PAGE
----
Lecture12 - Lecture #12 Short Run Cost Curves and Taxes...

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Lecture #12 Short Run Cost Curves and Taxes Let’s consider the effect of taxes on our short run cost curves. We will investigate two types of taxes in this analysis, a specific tax per unit on output and a lump sum tax. How do these two types of taxes enter our short run cost structure? 1. A specific tax per unit of output will enter our short run cost structure as a variable cost per unit. This will affect the ATC, AVC, and MC curves. To see this, let’s consider a specific unit tax of $11 per unit on good Y (levied on producers). Remember, the Average Total Cost (ATC) is the Average Variable Cost (AVC) PLUS the Average Fixed Cost (AFC). ATC a = AVC a + AFC b where a = ATC after tax AVC a = AVC after tax AFC b = AFC before tax
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Short Run Cost Curves and Taxes (continues) We need to notice the definitions of each of these measures We need to notice the definitions of each of these measures… ATC a = TVC b + 11 Y + TFC b YY and with some minor algebraic simplifications… a = TVC b + 11+ TFC b which is simply, a = AVC b + AFC b + 11 Now, remember that ATC b = AVC b + AFC b so… a = ATC b + 11 Marginal cost is simply the change in Total Variable Cost divided by the change in the quantity of Y or the slope of the TC curve quantity of Y, or the slope of the TC curve. MC a = ! TC a = ! TVC a + ! TFC a ! Y ! Y ! Y MFC (always = 0) Sinse Marginal Fixed cost does not change due to a specific tax per unit of output (i.e. MFC = 0 by definition) , we have…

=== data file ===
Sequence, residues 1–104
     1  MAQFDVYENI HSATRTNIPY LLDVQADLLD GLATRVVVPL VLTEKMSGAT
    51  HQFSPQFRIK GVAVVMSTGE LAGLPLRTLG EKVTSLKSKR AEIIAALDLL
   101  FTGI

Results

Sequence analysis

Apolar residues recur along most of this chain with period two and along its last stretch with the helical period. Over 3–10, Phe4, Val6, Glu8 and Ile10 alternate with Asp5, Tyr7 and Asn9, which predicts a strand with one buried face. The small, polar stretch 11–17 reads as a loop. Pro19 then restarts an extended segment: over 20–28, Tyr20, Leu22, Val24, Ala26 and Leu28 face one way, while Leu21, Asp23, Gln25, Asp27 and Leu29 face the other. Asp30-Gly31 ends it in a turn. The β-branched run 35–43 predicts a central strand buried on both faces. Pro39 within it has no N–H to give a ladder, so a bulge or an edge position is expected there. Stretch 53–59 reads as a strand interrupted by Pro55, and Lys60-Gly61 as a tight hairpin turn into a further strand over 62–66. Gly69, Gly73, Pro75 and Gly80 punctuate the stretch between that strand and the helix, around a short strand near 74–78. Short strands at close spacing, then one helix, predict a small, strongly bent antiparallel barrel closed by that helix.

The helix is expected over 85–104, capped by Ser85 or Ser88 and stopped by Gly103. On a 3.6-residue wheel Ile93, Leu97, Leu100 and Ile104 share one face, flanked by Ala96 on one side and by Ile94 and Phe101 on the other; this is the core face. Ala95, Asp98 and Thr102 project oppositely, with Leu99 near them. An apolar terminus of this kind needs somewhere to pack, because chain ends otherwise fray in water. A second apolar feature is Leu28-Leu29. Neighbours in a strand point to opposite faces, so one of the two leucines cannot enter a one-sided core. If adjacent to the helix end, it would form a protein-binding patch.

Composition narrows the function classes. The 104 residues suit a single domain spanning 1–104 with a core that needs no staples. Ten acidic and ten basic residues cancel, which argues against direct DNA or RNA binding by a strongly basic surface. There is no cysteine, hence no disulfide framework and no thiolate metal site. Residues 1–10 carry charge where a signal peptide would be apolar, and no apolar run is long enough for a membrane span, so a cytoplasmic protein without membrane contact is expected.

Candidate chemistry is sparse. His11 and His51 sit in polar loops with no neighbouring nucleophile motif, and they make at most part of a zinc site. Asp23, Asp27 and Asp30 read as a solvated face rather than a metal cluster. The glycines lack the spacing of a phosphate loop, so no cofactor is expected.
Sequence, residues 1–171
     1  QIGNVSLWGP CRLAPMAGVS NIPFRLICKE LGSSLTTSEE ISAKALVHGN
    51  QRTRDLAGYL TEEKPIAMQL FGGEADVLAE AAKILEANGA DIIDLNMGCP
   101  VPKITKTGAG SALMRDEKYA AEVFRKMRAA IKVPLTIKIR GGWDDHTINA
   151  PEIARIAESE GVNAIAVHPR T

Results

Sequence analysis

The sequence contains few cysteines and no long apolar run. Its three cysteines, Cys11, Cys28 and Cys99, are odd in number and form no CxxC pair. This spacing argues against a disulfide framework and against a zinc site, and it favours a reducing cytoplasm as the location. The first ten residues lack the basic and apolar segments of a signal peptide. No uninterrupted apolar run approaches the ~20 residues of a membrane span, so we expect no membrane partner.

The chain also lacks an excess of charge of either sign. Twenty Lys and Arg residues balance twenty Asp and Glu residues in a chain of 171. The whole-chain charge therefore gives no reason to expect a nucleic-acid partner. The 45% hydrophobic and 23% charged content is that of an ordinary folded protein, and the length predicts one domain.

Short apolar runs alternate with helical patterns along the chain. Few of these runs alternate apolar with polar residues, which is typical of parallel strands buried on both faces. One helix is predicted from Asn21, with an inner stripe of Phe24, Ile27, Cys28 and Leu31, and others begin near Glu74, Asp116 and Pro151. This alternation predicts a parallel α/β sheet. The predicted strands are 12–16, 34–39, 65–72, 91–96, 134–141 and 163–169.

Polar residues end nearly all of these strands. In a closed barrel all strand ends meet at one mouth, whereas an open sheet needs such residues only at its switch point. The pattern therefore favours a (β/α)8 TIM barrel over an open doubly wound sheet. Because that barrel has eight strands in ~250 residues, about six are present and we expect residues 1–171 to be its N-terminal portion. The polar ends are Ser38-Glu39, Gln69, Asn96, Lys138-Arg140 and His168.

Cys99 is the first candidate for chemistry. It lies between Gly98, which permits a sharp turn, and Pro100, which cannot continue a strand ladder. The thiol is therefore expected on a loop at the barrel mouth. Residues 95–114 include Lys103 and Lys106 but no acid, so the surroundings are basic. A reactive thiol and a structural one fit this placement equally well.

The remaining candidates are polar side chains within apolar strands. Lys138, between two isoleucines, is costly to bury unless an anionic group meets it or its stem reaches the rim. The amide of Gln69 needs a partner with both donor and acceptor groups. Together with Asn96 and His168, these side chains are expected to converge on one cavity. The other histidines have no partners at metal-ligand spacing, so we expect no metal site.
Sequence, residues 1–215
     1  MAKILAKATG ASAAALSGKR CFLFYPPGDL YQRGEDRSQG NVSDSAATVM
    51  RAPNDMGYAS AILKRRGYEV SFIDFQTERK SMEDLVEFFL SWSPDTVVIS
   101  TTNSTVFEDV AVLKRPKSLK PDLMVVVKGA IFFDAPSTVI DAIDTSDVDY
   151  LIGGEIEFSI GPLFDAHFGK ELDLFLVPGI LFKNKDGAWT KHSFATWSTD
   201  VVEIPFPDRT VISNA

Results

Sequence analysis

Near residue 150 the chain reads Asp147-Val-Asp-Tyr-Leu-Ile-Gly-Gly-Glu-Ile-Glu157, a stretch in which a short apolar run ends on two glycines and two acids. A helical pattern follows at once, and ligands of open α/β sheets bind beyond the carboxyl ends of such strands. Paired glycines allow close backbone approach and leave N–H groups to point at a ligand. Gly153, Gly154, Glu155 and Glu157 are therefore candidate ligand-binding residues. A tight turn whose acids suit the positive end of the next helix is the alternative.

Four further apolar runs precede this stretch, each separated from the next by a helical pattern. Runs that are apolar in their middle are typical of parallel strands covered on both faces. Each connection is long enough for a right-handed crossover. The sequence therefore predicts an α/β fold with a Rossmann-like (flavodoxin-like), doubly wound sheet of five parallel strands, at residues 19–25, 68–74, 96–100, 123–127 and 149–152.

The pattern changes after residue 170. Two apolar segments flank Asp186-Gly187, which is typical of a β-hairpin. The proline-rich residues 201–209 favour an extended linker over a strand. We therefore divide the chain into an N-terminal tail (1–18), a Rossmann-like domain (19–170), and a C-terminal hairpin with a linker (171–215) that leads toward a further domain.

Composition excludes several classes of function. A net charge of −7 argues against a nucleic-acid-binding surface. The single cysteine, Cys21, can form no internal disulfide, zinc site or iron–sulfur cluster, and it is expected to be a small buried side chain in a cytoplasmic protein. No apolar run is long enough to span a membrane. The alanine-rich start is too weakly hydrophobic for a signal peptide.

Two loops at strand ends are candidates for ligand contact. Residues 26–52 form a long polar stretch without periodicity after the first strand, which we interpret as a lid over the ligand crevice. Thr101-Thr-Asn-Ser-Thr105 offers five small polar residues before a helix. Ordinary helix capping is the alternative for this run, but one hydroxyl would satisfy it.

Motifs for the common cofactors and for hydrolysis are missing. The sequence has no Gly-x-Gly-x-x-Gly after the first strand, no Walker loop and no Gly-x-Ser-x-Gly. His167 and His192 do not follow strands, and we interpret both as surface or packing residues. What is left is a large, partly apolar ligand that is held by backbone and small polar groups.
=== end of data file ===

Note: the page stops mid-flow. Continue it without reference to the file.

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MC a = ! TVC a = ! (TVC b + 11 Y) ! Y ! Y and with some minor algebraic simplifications… MC a = ! TVC b + 11 ! Y ! Y ! Y Now, remember that MC b = ! TVC b so… ! Y MC a = MC b + 11 Graphically, we can now show how a specific tax of $11 per unit of Y affects the optimal quantity of Y that is produced. We can see that this type of tax displaces (shifts) the ATC curve and displaces (shifts) the ATC curve and the MC curve up (vertically) by the amount of the tax, for all output levels.
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Recall that the lowest point on the ATC curve is the point where the MC curve crosses it. Originally, this occurred at point e where the quantity was Q Y. After the tax was imposed, the point of intersection of the ATC and MC curves occurs at point f where the quantity is still Q This makes sense because the specific tax per unit of output has been shown to simply displace both the ATC curve and the MC curve parallel vertically by $11. This implies that a specific tax per unit of output does not influence the firm’s optimal quantity decisions. It does, however, affect their TC, ATC, AVC, and MC curves. This may have an adverse effect on the firm’s profits if they are unable to pass the cost of such a tax on to consumers through a price increase. 2. A lump sum tax will enter our short run cost structure as a fixed cost (one time expense). Let’s see how this affects our ATC, AFC, and MC curves.
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Lecture12 - Lecture #12 Short Run Cost Curves and Taxes...

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